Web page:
In a statement issued earlier in the day, the Union health ministry said the step was recommended by the National Expert Group on Vaccine Administration for Covid-19 (NEGVAC) after a meeting on April 11.

The accelerated approval will apply to doses authorised by US’s food and drug administration (FDA), UK’s Medicines and Health care products Regulatory Agency (MHRA), European Medicines Agency (EMA), Pharmaceuticals and Medical Devices Agency (PMDA) Japan, or by the World Health Organization.

Instead of requiring them to conduct a “bridging trial” prior to seeking approval, the government will allow them to roll out these coronavirus vaccines and conduct “parallel bridging clinical trial” after they get the authorisation. “Further, the first 100 beneficiaries of such foreign vaccines shall be assessed for seven days for safety outcomes before it is rolled out for further immunisation programme within the country,” the statement said.

At present, there are vaccines by three companies that are approved by regulators identified by the government and are yet to be authorised in India: Pfizer-BioNTech, Moderna and J&J. A fourth vaccine, made by Novavax, has made progress in clinical trials and sought approval from several of these regulators.

Among these, two companies already have tied up with Indian companies for production — Novavax and J&J. Novavax has licensed Serum Institute of India (SII) to produce a billion doses and the Pune-based company is also carrying out bridging trials in the country. Similarly, Hyderabad’s Biological E has a deal to produce 600 million doses of the J&J vaccine and was recently poised to begin bridging studies.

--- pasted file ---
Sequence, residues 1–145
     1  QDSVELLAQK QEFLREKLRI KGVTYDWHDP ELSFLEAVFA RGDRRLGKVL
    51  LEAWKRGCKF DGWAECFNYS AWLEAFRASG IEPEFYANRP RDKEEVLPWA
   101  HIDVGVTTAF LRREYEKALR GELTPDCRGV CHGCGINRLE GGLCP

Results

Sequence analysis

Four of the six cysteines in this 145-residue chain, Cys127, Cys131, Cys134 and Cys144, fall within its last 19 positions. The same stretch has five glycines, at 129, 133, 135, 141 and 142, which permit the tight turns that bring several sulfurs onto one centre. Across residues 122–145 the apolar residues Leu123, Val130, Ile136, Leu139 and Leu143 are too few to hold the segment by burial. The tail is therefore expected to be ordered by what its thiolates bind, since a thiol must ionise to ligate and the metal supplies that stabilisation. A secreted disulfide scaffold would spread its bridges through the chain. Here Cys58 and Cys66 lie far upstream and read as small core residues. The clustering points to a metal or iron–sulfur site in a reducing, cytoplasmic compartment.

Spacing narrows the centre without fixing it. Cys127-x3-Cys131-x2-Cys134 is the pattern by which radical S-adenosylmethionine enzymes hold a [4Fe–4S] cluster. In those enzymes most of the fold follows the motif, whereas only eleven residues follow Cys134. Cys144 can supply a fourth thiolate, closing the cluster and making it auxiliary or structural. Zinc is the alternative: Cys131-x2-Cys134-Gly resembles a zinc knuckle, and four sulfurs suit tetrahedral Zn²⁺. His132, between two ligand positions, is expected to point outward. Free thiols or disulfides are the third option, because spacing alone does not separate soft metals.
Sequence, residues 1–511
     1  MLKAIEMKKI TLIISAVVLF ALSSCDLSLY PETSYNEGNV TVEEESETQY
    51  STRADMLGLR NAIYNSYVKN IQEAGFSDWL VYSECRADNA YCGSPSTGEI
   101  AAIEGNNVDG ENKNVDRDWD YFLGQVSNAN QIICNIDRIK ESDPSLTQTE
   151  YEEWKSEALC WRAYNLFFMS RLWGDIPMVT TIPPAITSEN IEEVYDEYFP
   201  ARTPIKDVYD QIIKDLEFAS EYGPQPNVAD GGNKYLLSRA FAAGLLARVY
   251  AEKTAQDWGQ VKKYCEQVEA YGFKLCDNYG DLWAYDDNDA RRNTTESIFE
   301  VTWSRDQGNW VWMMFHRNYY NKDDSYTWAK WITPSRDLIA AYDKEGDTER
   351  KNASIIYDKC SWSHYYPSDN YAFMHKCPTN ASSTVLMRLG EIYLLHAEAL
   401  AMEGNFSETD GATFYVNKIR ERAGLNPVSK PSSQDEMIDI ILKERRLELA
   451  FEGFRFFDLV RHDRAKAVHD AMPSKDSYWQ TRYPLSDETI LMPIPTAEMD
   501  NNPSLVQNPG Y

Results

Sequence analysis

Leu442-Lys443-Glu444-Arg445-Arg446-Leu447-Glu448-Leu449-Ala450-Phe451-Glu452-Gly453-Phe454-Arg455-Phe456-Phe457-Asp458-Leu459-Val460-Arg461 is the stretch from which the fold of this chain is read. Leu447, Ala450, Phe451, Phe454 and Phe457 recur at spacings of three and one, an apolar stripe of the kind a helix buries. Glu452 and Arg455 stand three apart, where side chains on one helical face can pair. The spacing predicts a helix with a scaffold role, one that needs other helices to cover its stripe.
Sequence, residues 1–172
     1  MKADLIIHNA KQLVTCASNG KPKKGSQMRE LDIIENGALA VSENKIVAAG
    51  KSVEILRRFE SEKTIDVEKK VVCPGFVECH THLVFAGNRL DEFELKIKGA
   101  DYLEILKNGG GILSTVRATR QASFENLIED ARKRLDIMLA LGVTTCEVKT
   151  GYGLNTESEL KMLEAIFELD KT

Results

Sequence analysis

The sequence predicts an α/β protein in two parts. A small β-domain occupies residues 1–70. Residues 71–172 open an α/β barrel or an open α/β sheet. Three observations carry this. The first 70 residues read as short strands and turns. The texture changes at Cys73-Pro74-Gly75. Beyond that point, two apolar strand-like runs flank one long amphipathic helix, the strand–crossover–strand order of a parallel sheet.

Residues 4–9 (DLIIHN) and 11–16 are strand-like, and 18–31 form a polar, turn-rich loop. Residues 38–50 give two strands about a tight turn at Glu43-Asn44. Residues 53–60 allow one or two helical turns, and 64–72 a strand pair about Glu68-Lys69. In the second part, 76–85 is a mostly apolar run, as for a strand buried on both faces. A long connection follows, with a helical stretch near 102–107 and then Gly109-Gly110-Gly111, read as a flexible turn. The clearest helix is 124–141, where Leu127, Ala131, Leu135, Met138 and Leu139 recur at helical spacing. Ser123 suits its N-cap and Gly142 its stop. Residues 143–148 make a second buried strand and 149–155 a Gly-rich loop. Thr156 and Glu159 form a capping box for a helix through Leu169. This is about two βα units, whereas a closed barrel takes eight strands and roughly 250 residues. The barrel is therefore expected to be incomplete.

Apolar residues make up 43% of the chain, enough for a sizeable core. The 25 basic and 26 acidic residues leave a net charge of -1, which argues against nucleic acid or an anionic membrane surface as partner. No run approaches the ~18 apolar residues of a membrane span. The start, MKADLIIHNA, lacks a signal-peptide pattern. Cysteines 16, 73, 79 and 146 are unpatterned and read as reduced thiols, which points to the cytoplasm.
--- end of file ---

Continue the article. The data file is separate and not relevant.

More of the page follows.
The Pfizer-BioNTech and Moderna vaccines were among the first to be approved anywhere in the world last year. Both have an efficacy rate of over 95% and use mRNA technology, which has emerged as a breakthrough platform for coronavirus vaccines.

India, the world’s biggest maker of vaccines, has so far administered a little over 108 million doses of Covishield and Covaxin – the first two shots to be approved in the country. A third, Sputnik V made by Russia’s Gamaleya Institute, was approved formally on Tuesday and doses are expected to be imported at first before a group of five Indian companies that have contracts to begin churning out doses. Dr Reddy’s has the rights for distribution of the first 100 million doses in India, which will be a combination of Indian and Russian made vaccines, the Russian Direct Investment Fund (RDIF) said on Tuesday.

“We appreciate the decision of India’s regulatory bodies to grant authorisation for Sputnik V. Approval of the vaccine is a major milestone as Russia and India have been developing an extensive cooperation on clinical trials of Sputnik V in India and its local production,” said RDIF CEO Kirill Dmitriev. Since March, the developers have stitched up more agreements to ramp up the production of the vaccine in India.

Though India was the fastest among all countries to vaccine 100 million people, concerns have been mounting in some states about whether there are adequate supplies. According to production capacities declared by SII (which makes Covishield – the Indian version of the Oxford-AstraZeneca dose) and Bharat Biotech, the average production capacity at present comes to about 2.5 million doses a day.

Over the past week, India has administered 4.1 million doses a day on average.